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Grain Silos and Wind Turbines are both common sights in eastern Washington. Loco Steve. Horse Heaven & Shepherds Flat. Used under Creative Commons License From Flickr.

If you live in farm country, you’ve probably seen cement or metal grain silos dotting the landscape. But did you ever think about how all that grain storage actually works? Read the rest of this entry »

Yin Yang Beans - aka calypsoI’ve written on this blog, quite a lot actually, about my love affair with dried beans. I’ve always loved them. Ever since I was a kid eating Navy Bean Soup. Sometimes when I eat at a Mexican restaurant, I’m really just there for the refried beans. And if the beans at a Mexican place AREN’T good? Well, then I tend to steer clear of the place from then on, regardless of how good the rest of the food is. Because if you can’t do justice to this humble staple, how much do you really care about the rest of your offerings? Read the rest of this entry »

Golden Turmeric tea
Golden turmeric tea.

I love following food/health trends. I get a huge kick out of how things come into vogue, and then fall out of vogue. I’ve enjoyed the whole coconut oil and kale trend of the last 5 years (or maybe its been 10. Seems like forever.) I even sometimes poke fun at the million and one things you can do with coconut oil, including remineralize your teeth (um, yeah, not getting on that band wagon, but if it works for you, more power to you).

One of the latest trends is all things turmeric. You can google this spice and read all about its amazing abilities, some of which are actually backed up by real science (anti-inflammatory,  Alzheimer reduction). Used in Indian cuisine, and as part of the ancient practice of Ayurvedic Medicine, its a fairly uncommon spice in the American kitchen, except as part of that 17 year old bottle of curry powder in the back of your cupboard.

But because of its rising popularity, this cousin to ginger is often now available fresh at your local grocery store. Evidently the whole “golden milk latte” trend was started by Gwyneth Paltro on her website Goop (which was almost enough to make me never try it – because Goop is what you get when you have way too much money and way not enough science between your ears).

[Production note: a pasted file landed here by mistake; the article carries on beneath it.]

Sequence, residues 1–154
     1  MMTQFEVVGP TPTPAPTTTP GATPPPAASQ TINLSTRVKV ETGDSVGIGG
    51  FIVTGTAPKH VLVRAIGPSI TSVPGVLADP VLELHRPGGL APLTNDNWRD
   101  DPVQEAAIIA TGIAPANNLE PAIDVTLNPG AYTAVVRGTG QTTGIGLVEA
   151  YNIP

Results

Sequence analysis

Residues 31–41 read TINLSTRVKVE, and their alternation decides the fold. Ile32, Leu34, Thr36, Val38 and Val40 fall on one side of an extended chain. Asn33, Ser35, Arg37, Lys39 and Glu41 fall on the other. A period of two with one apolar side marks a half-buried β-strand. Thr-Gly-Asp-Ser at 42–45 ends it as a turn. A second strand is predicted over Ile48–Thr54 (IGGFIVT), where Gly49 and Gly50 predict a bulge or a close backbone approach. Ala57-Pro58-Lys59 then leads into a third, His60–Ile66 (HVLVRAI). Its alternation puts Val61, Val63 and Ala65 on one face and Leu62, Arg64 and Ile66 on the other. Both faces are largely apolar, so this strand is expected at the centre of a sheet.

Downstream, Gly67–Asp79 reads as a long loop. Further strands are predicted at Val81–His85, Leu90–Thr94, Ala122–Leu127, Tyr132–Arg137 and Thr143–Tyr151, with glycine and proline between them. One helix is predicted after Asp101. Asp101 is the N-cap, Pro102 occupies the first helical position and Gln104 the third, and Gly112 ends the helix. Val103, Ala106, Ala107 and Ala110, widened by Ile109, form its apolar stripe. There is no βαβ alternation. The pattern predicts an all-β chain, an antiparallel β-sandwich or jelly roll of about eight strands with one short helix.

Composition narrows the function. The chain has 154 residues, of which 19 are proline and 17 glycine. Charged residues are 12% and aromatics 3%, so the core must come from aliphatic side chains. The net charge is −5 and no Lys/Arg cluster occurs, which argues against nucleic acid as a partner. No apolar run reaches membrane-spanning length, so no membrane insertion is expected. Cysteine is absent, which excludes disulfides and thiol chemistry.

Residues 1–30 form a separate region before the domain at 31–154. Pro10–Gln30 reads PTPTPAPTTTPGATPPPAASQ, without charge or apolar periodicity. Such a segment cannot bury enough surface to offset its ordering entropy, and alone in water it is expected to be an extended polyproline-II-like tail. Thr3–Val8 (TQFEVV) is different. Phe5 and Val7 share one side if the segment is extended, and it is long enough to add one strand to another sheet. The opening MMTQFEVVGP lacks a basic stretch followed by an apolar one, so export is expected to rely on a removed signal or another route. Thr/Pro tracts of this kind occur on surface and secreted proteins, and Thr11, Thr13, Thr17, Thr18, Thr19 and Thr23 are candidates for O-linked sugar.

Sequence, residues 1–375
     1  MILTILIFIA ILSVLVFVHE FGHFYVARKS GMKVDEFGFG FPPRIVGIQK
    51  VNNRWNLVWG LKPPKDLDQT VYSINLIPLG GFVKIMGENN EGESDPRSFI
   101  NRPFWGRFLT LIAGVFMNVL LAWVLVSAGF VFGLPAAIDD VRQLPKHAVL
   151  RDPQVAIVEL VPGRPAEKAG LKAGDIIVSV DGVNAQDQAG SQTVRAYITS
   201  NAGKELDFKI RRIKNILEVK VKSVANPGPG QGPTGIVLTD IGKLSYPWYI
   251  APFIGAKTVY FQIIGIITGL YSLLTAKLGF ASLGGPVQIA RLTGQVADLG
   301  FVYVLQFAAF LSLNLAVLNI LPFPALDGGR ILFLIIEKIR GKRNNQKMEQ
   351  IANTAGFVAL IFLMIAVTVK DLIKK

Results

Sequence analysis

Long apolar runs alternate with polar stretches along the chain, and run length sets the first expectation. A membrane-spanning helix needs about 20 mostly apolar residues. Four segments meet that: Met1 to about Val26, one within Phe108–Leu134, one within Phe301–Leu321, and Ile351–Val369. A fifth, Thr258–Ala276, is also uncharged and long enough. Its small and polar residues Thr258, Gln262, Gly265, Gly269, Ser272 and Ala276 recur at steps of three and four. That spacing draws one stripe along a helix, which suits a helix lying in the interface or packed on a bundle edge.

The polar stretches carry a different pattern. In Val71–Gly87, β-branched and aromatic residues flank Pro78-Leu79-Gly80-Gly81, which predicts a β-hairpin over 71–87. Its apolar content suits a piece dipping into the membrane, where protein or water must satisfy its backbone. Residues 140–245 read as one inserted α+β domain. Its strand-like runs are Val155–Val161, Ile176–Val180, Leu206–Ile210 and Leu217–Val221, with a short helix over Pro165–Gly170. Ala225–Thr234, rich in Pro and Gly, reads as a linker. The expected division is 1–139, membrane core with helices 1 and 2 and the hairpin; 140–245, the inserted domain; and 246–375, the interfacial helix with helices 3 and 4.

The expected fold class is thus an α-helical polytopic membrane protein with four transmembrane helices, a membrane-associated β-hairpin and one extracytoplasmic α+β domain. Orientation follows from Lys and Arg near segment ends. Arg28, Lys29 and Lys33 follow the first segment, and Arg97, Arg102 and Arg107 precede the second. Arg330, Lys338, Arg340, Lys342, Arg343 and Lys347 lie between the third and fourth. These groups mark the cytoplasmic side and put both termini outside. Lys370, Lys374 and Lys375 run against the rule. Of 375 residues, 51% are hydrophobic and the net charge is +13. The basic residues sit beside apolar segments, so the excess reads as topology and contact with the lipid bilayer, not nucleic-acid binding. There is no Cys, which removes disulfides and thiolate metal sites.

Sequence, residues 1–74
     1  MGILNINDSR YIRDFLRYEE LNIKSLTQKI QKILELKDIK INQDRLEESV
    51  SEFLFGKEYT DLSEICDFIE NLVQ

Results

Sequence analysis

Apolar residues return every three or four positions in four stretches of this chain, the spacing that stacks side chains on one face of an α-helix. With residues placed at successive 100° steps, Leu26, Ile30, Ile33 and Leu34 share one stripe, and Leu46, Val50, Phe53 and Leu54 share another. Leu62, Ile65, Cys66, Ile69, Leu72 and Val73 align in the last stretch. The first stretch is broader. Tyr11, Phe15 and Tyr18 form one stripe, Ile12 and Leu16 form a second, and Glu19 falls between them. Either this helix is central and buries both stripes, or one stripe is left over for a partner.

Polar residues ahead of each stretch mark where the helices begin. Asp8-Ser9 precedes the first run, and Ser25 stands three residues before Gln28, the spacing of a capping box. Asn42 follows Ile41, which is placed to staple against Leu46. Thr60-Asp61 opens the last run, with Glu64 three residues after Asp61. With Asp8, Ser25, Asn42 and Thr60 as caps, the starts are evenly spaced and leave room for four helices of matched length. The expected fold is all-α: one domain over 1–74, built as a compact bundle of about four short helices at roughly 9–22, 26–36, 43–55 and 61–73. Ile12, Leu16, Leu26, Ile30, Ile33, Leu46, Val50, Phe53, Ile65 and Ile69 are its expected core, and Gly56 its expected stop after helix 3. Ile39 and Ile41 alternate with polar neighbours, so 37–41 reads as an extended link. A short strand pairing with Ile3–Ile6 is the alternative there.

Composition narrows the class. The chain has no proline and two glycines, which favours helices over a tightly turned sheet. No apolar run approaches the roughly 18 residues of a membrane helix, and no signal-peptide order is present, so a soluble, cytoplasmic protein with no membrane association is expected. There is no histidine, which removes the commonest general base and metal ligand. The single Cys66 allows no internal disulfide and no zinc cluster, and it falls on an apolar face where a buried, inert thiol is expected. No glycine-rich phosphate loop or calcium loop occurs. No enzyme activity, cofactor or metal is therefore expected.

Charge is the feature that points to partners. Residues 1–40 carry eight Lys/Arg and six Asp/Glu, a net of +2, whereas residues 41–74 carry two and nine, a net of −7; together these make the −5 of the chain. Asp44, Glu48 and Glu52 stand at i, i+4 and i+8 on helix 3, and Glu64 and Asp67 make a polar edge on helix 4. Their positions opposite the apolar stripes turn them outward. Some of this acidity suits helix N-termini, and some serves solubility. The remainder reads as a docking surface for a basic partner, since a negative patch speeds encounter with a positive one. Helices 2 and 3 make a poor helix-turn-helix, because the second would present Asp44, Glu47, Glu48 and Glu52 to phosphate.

But I kept seeing the fresh turmeric roots at the grocery store. And with the increasing aches and pains of age and its reputation for being anti-inflammatory, I finally decided to give golden milk a try. My biggest worry, soon put to rest, was that it would taste like liquid curry. It does not.

Recipes vary. A lot. But the three things most have in common are turmeric (fresh or powdered), ginger (fresh or powdered) and black pepper. You’ll often see cinnamon, cardamon, star anise and clove included. I based my recipe off of one from Epicurious. Because yes, even they have gotten on the band wagon. And of course, coconut milk. Because for the love of all things holy, we need more coconut milk. Wink.

You can just throw all of these powdered spices into a hot milk of your choice (cow, nut or otherwise), stir and drink. In fact, you can buy premade mixes that do the combining for you. But the spices don’t tend to stay suspended in the milk, and like hot cocoa, if you don’t keep swirling your mug between sips,  you have a really gritty mouthful at the end. Other recipes have you simmer the whole spices in milk. But who has time to do that on a daily basis? And the milk tends to separate during the long simmering.

So I take the same approach I do with my chai concentrate, and make a turmeric/spice concentrate with water, strain and store in the refrigerator, and then mix it half and half with my milk of choice when I want a mug. The concentrate will store in the fridge for at least 3 or 4 days.

Miles Away Farm Golden Milk Concentrate

  • Servings: 6-8
  • Difficulty: easy
  • Print

An anti-inflammatory turmeric tea worth sipping.

  • 2 small fresh turmeric roots, skin on, sliced thin (it has a lovely spicy earthy grassy smell)
  • 2 inches of fresh ginger root, skin on, sliced thin
  • 2 cinnamon sticks
  • 1/2 tsp whole peppercorns
  • 4 cups water

Bring mixture to a low simmer, cover, and simmer for 30 minutes to an hour. Short on time? Bring to a boil, turn off heat, and let it seep on the stove until its at room temperature.

Strain and store in the refrigerator.